6. Sonoma Checks Into The BeechwoodSonoma Restaurant surprised everyone in May when chef/owner Bill Brady announced that he would be relocating his highly regarded Princeton establishment to the four diamond Beechwood Hotel in Worcester. For Brady, the shift meant a departure from his role at Worcester Technical School in order to keep up with the demands of a full service restaurant.
    7. KummerspeckAll eyes were on Rachel Coit and Matt Mahoney, proprietors of Kummerspeck. Kummerspeck, which translates from German as “grief bacon,” opened in August after a series of local pop ups. The Water Street eatery serves up reimagined comfort food as well as the adventurous offerings of a classic butchershop. Both chefs cut their teeth in Boston’s dining scene, working for famed chef/restaurateur, Barbara Lynch. Coit, former Sportello sous Chef, and Mahoney, former ButcherShop chef de cuisine, eased into the central Mass dining scene with stints at BT’s Smokehouse and Armsby Abbey.
    8. The Rice TruckTeri Goulette first worked her way into our hearts with one of the region’s most popular food trailers, Say Cheese! August marked the purchase of Goulette’s first official food truck, The Rice Truck, inspired by her mother’s famous fried rice recipe.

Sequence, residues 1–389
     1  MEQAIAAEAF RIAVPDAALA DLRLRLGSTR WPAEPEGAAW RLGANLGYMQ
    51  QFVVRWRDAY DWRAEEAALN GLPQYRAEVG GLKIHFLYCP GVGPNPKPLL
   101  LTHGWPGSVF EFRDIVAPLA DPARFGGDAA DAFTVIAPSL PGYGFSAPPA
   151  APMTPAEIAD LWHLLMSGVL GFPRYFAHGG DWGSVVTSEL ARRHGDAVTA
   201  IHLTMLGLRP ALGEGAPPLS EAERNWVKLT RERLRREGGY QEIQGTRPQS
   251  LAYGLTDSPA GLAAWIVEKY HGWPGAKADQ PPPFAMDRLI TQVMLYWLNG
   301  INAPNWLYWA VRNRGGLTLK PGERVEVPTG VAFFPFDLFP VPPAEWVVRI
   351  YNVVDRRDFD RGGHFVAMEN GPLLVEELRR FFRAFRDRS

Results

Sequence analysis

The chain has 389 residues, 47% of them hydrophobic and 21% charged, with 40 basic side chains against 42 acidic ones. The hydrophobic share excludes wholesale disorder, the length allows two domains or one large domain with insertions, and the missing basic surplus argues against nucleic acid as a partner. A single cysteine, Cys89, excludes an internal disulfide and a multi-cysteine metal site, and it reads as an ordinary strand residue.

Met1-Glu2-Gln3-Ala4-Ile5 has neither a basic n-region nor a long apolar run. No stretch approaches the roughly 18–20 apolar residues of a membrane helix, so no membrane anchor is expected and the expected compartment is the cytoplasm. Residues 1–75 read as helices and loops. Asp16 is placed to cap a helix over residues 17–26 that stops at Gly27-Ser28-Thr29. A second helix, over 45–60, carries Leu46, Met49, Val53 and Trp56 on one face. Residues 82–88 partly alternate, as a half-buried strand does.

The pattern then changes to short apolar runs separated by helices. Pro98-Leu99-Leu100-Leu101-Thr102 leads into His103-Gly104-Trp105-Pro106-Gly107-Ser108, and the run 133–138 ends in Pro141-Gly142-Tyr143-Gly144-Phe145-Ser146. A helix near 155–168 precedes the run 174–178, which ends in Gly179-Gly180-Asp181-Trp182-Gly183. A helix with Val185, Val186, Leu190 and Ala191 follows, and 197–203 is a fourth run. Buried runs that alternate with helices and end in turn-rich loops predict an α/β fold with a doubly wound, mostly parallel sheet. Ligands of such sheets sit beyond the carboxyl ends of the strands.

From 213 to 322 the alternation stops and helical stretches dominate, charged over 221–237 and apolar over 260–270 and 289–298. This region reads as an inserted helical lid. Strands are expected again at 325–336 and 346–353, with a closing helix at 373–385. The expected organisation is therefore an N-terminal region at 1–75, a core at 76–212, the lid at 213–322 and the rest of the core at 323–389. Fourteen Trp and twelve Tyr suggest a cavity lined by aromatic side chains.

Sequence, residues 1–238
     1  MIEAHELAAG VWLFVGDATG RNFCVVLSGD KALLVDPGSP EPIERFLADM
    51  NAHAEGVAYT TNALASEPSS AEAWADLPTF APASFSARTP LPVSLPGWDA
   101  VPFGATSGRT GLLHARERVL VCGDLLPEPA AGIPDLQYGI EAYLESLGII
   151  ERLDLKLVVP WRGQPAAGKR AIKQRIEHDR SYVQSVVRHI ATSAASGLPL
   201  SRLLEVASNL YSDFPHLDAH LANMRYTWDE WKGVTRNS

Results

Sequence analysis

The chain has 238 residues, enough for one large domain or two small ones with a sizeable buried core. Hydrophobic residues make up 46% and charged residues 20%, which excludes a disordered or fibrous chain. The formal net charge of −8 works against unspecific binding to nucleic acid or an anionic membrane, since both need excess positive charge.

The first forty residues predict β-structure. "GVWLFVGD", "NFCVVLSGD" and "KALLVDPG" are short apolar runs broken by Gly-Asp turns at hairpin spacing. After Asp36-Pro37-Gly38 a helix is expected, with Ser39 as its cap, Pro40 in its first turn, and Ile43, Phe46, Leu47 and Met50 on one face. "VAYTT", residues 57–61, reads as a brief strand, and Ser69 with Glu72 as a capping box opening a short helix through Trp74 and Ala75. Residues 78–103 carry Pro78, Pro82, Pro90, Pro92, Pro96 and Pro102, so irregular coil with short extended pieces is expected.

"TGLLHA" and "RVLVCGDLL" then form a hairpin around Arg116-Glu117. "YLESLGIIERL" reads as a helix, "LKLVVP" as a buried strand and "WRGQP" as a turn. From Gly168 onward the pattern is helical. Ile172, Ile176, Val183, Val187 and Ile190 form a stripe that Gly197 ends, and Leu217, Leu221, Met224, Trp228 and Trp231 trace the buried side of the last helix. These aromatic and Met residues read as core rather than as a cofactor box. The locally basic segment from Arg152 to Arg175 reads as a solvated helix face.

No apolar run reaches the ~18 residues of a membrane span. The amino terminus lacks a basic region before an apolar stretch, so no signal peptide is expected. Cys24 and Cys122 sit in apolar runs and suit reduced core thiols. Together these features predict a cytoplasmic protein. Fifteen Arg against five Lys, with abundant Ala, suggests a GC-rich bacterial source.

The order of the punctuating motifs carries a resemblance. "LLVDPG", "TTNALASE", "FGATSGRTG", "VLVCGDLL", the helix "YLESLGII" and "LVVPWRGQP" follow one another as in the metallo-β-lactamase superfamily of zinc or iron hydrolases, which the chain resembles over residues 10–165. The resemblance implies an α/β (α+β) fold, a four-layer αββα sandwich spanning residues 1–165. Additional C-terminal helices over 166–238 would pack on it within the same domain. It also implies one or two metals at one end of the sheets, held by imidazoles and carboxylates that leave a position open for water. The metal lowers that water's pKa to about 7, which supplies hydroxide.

9. Sushi Miyazawa: Chef and Owner Norihiko “Nori” Tsukuda boasts 30 years of sushi experience, including his time training with the chef to the Emperor of Japan. In July, Mass Foodies was introduced to Sushi Miyazawa’s modest decor as well as its modest prices. The Chandler Street space seats just 20 customers at a time and allows patrons to BYOB.
    10. Rogers Leaves Niche for Food Hub: It seemed Chef Rogers was everywhere in 2017. As the Executive Chef de Cuisine of Niche Hospitality Group, Rogers forged relationships in countless facets of the community. In many ways, Rogers’ announcement in March that he had accepted a position as Kitchen Operations Manager of the Worcester Regional Food Hub came as no surprise. Given his staunch commitment to the city of Worcester, it was only a matter of time before his humanitarian nature led him down the path to public service.
The Usual on Shrewsbury Street in Worcester, MA
The Usual on Shrewsbury Street in Worcester, MA
    1. The Usual, The Chameleon, and The Conviction: Someone else exited Worcester’s restaurant scene on the very same day as Chef Rogers, albeit less gracefully. Owner of now defunct establishments, The Blackstone Tap and The Usual, Kevin A. Perry was arrested and charged in connection with using the proceeds of drug sales to purchase and renovate nine properties in Worcester County, including both restaurants. Soon after, The Usual became The Chameleon, which we found shuttered in November. This week, we learned U.S. District Judge Timothy Hillman granted government control for sale of both properties. Here’s hoping 2018 brings a fresh start.